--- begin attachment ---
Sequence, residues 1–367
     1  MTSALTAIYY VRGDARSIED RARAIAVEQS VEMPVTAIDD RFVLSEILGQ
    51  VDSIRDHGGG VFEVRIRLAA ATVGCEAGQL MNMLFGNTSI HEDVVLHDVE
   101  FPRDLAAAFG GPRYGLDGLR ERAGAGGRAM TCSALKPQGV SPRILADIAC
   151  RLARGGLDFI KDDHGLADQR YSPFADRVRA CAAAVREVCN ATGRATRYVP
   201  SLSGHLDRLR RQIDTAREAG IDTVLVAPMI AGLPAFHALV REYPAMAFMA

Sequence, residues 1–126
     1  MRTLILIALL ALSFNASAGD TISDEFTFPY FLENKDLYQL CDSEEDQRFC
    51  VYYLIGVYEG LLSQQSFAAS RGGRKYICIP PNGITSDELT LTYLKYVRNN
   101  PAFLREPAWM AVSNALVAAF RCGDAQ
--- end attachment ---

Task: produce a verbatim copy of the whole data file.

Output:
Sequence, residues 1–367
     1  MTSALTAIYY VRGDARSIED RARAIAVEQS VEMPVTAIDD RFVLSEILGQ
    51  VDSIRDHGGG VFEVRIRLAA ATVGCEAGQL MNMLFGNTSI HEDVVLHDVE
   101  FPRDLAAAFG GPRYGLDGLR ERAGAGGRAM TCSALKPQGV SPRILADIAC
   151  RLARGGLDFI KDDHGLADQR YSPFADRVRA CAAAVREVCN ATGRATRYVP
   201  SLSGHLDRLR RQIDTAREAG IDTVLVAPMI AGLPAFHALV REYPAMAFMA

Sequence, residues 1–126
     1  MRTLILIALL ALSFNASAGD TISDEFTFPY FLENKDLYQL CDSEEDQRFC
    51  VYYLIGVYEG LLSQQSFAAS RGGRKYICIP PNGITSDELT LTYLKYVRNN
   101  PAFLREPAWM AVSNALVAAF RCGDAQ